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THE INSURANCE CONTRACT - Interpretation - Coverage provisions and exclusion clauses

Thursday, January 25, 2018 @ 8:34 AM  

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Appeal by the defendant insurers from partial summary judgment granted in favour of the plaintiff, TB Bank, N.A. (Bank). The Bank sued for a declaration that it was entitled to indemnity under the professional liability section of an insurance policy for loss relating to a Ponzi scheme and damages for breach of contract. The Bank was a named insured under a Bankers’ Comprehensive Crime, Professional Indemnity and Directors’ and Officers’ Liability Programme (insurance policy) issued by the appellants, a syndicate of insurers. A Florida lawyer and customer of the Bank ran a Ponzi scheme. Substantial funds placed by investors in the scheme flowed through the law firm’s accounts at the Bank. After the scheme collapsed, about 19 investor groups sued the Bank. One investor group obtained judgment against the Bank. The Bank settled the other investor claims. The Bank then sought indemnity under both the professional liability coverage and fidelity coverage sections of the insurance policy for amounts paid to the investor groups. The appellants denied coverage under both sections. In its motion, the Bank sought a declaration concerning the interpretation of one element of the preamble to the fidelity coverage section of the insurance policy relating to the conduct of one former employee in relation to three of the investor groups. The motion judge granted partial summary judgment, declaring that the Bank sustained a direct financial loss within the meaning of the insurance policy regarding at least some of the funds deposited in the law firm’s accounts at the Bank by three of the investor groups.

HELD: Appeal allowed. In granting partial summary judgment, the motion judge made material errors, rendering the judgment fundamentally flawed. The kind of partial summary judgment granted was not available under Rule 20 of the Rules of Civil Procedure. The Bank broke down its claim for indemnity under the fidelity coverage section of the insurance policy into its constituent elements and sought partial summary judgment on only one of the elements. It also sought an interpretation of that element only as it might apply to the damages it paid out to just three of the 19 investor groups. Such a request was not a proper request for summary judgment on part of the claim in the statement of claim. The result of the judgment was that no claim for which the Bank had sought relief had been granted, nor had any of its claims been dismissed. The motion judge ignored the fundamental principle of contractual interpretation that a provision in a contract must be interpreted in light of the contract as a whole. The motion judge completely ignored how the provisions of the professional liability coverage section of the insurance policy might inform the interpretation of the insuring clause in the fidelity coverage section. His interpretive analysis failed to take into account how the remaining elements of the insuring clause might inform the interpretation of the few elements put in issue by the Bank on the motion. In concluding that the judgment and settlements paid to three of the investor groups constituted “a direct financial loss sustained by the Assured” in that it was a “loss of funds or Property” of the Bank within the meaning of the fidelity coverage section’s “ownership” clause, the motion judge adopted a theory not pleaded or advanced by the parties, namely that the Bank held the funds deposited by investors into the law firm’s accounts as a constructive trustee. The motion judge’s theory went well beyond the Bank’s reliance on the doctrines of knowing assistance in a breach of trust and knowing receipt of trust funds. The motion judge’s view that the insurers were asking him to grant reverse summary judgment and thus were effectively acknowledging that this was an appropriate case for summary judgment, was not supported by the record.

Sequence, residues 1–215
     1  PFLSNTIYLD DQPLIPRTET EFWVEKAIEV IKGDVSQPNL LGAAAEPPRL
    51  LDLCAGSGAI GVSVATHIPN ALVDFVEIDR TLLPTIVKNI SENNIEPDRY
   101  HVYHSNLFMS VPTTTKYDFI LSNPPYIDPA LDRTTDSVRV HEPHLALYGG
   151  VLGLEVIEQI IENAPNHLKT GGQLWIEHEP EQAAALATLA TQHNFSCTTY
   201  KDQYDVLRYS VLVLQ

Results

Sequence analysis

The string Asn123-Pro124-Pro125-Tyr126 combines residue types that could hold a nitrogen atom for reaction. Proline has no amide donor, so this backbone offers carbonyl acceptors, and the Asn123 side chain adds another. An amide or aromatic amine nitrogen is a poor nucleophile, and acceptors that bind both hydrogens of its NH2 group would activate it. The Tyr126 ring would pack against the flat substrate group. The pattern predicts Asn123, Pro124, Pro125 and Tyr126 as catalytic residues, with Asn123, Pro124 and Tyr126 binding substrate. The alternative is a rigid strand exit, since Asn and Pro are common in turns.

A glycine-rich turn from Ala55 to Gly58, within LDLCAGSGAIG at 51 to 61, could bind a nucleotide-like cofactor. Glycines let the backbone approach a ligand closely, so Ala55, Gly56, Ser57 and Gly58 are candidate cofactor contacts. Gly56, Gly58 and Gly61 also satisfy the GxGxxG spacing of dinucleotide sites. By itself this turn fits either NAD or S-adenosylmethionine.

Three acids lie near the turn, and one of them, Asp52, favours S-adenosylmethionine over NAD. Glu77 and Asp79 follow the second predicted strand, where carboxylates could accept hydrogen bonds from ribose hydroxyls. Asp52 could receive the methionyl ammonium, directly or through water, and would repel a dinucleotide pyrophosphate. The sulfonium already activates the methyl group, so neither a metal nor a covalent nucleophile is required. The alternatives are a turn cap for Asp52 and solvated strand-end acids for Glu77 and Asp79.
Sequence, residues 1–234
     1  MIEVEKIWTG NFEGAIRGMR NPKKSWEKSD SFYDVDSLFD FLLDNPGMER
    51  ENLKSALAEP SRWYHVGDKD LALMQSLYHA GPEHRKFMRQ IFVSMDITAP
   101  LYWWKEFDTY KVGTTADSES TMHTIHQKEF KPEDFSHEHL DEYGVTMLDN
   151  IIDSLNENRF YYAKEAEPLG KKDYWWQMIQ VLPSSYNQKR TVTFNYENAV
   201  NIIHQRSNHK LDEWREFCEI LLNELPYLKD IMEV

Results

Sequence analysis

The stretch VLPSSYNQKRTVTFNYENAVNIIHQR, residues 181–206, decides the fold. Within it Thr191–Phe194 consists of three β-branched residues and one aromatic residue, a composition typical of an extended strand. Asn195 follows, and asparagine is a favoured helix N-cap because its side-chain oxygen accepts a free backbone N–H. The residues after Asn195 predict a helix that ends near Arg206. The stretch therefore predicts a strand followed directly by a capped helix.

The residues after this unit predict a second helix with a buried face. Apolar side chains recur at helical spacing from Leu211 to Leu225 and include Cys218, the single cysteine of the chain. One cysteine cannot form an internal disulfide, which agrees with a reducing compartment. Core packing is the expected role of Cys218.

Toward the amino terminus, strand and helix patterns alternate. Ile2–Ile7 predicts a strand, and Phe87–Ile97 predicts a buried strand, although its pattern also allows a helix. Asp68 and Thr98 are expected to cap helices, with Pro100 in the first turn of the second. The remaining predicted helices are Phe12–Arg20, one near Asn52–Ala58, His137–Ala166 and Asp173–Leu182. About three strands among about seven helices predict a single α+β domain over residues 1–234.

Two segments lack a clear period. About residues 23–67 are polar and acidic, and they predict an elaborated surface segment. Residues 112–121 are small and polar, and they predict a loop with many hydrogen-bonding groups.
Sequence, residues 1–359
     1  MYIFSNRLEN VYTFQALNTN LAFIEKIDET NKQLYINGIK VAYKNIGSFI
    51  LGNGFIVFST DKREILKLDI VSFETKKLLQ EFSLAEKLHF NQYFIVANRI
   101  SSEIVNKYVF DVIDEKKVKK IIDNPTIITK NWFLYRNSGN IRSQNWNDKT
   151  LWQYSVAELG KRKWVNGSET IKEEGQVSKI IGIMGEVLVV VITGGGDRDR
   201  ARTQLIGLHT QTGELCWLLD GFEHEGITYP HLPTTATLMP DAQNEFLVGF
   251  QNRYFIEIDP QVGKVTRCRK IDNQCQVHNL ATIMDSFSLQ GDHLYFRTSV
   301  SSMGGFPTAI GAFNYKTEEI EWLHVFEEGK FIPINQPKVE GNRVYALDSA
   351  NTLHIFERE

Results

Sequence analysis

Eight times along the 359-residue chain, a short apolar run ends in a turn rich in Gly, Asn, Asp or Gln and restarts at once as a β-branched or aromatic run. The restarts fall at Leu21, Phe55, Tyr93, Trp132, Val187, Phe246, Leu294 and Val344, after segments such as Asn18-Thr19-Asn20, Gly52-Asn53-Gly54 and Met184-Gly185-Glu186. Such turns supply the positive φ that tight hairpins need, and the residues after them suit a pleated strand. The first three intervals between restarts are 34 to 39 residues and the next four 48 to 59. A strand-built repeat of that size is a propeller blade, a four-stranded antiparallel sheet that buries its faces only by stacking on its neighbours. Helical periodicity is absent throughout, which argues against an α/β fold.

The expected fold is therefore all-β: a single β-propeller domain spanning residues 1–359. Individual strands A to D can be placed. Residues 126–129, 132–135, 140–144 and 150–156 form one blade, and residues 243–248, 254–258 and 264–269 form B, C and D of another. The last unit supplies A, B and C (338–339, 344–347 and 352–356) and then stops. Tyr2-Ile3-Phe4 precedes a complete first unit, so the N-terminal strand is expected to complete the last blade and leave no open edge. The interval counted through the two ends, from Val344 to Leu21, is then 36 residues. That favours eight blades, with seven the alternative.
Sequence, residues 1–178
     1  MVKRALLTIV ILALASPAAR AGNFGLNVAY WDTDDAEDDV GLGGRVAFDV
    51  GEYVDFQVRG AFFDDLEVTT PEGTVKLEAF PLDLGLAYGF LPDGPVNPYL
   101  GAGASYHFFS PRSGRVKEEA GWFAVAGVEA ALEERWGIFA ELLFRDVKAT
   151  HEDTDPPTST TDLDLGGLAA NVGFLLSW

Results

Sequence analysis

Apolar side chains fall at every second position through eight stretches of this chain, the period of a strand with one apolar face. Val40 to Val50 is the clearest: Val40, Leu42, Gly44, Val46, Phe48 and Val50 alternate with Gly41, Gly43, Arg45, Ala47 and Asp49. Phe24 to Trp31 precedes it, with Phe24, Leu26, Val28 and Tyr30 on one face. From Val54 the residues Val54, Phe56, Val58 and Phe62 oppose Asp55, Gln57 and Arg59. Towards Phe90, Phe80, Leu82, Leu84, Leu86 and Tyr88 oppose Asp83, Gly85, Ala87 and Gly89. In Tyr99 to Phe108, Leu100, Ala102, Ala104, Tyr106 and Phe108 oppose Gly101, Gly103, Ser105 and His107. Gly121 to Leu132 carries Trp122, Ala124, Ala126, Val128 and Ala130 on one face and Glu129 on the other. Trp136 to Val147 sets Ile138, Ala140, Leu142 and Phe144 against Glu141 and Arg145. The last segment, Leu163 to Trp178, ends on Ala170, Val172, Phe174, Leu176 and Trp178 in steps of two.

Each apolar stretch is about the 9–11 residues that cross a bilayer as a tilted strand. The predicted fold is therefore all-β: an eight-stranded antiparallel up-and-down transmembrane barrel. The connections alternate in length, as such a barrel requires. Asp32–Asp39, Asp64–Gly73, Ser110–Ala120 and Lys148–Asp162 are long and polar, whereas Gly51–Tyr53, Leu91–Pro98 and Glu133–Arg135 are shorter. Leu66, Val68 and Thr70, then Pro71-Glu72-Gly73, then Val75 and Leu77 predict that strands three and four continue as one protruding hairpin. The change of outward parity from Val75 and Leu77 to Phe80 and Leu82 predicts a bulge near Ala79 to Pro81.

TD Bank N.A. v. Lloyd's Underwriters, [2017] O.J. No. 6722, Ontario Court of Appeal, J.M. Simmons, D.M. Brown and J.M. Fairburn JJ.A., December 21, 2017. Digest No. TLD-January222018009